Furniture size may vary
Layout plans will often feature furniture – a little window seat here, a breakfast nook there. Ask about the size of the bed drawn into the bedroom. “They may be using a double bed instead of a queen-sized bed,” he says. “You may not even be able to fit a queen-sized bed in the bedroom.” Other pieces of furniture may be smaller, too, even those featured in the model suite. “It’s to make it look bigger. They will put in furniture that will fit with that space.”
Love the granite countertop? That’ll be extra
Model suites are often peppered with upgrades that are not included in the price of the condo, whether it be gleaming countertops or slick pot lights in the ceiling. “The standards are often very nice,” Mr. Slutsky says, but it’s key to ask what’s an upgrade and what’s included in the price.
How big is this big?
Don’t be fooled by the majesty of the show suite – sometimes they’re bigger than what you’re hoping to buy, Mr. Slutsky says. “Usually the show suite is [the size advertised], but they may be showcasing a larger unit rather than, say, the 500-square-foot unit,” he says. It’s up to you to know whether the model condo you’re walking through is really the model you can afford. Don’t be shy to ask. Ms. Bury from Intercorp suggests walking through two or three different units to get a real feel for the sizes available.
How many ‘steps’ from the subway is it, anyway?
A lot of developers describe the proximity of the condo tower to restaurants and attractions with amenity maps. However, they’re not always drawn to scale, Mr. Slutksy says. “Often they’ll make the development look much closer to the amenities than it may actually be,” he says. Gauge the distance for yourself, he says. Take a drive to test it out or, better yet, spend a few days scoping out the neighbourhood to get a feel for where you’d be doing your shopping and restaurant-going.
Check out the layout
As in “don’t buy that big leather couch before buying the condo.” It just might not fit. Layouts on a piece of paper can seem a lot more ideal than the layout in real life, Mr. Slutsky says. It’s a conundrum often encountered when purchasing condos before they’re built. “There are a lot of two-bedroom, 520-square-foot units selling, which is very tight,” he says. Try to place yourself there “so you can get a feel for how the unit’s going to work, which way the doors are going to swing.”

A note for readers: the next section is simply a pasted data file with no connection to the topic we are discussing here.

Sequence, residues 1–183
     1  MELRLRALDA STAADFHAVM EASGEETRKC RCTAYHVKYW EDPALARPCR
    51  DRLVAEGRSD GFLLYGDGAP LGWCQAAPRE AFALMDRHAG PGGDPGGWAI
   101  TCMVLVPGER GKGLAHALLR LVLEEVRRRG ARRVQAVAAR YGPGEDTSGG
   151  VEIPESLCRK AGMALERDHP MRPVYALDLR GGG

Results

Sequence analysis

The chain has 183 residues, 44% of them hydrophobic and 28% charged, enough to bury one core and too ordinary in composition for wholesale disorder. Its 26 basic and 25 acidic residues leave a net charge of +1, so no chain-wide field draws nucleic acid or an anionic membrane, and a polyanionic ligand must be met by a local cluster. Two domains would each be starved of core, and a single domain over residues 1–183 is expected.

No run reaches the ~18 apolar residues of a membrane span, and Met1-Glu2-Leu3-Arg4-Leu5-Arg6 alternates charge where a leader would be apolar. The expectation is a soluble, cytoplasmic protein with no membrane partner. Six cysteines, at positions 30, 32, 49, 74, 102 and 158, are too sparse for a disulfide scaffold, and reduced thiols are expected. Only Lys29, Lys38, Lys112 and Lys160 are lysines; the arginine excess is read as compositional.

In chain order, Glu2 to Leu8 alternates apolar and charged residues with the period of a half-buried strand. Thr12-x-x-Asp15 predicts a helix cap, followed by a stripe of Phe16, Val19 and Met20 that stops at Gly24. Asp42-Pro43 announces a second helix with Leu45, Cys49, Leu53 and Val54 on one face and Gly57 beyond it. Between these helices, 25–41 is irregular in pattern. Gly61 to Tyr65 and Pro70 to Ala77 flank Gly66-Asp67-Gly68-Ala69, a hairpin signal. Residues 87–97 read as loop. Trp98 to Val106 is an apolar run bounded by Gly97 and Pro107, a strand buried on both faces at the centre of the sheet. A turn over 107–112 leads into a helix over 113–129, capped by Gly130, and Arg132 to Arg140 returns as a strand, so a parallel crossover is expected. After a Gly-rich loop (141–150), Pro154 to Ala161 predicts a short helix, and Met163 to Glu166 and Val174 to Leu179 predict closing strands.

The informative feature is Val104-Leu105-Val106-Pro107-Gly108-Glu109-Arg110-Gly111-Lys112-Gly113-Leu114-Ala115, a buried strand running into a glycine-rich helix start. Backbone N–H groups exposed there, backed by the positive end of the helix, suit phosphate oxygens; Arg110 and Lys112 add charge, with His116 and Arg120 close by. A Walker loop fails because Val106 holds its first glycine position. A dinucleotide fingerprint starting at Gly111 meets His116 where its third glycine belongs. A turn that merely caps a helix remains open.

Check the contract
“People get all carried away with the beautiful marketing and don’t really realize that what they’re buying is defined in the legal documents,” says the lawyer Ms. Lash. The model suite you’re looking at might be 800 square feet, but unless it says it in the legal documents, that may not be the case for yours. “If there’s something important to the purchaser that they have or they need, they should get it in writing,” she says. “If the dimensions of the suite are important or have a certain piece of furniture to get in, they’d better be clear what their specifications are.”
And a sales strategy that could come back
When interest rates were higher and the condo market not so red-hot, some developers held contests so shoppers could win their condo suite, Mr. Allison says. He even remembers one developer in Vancouver who gave away a free car with the purchase of a condo. “A lot of those promotional, attention-getting things are out of vogue,” he says. “But who knows what people are going to do when interest rates go up?”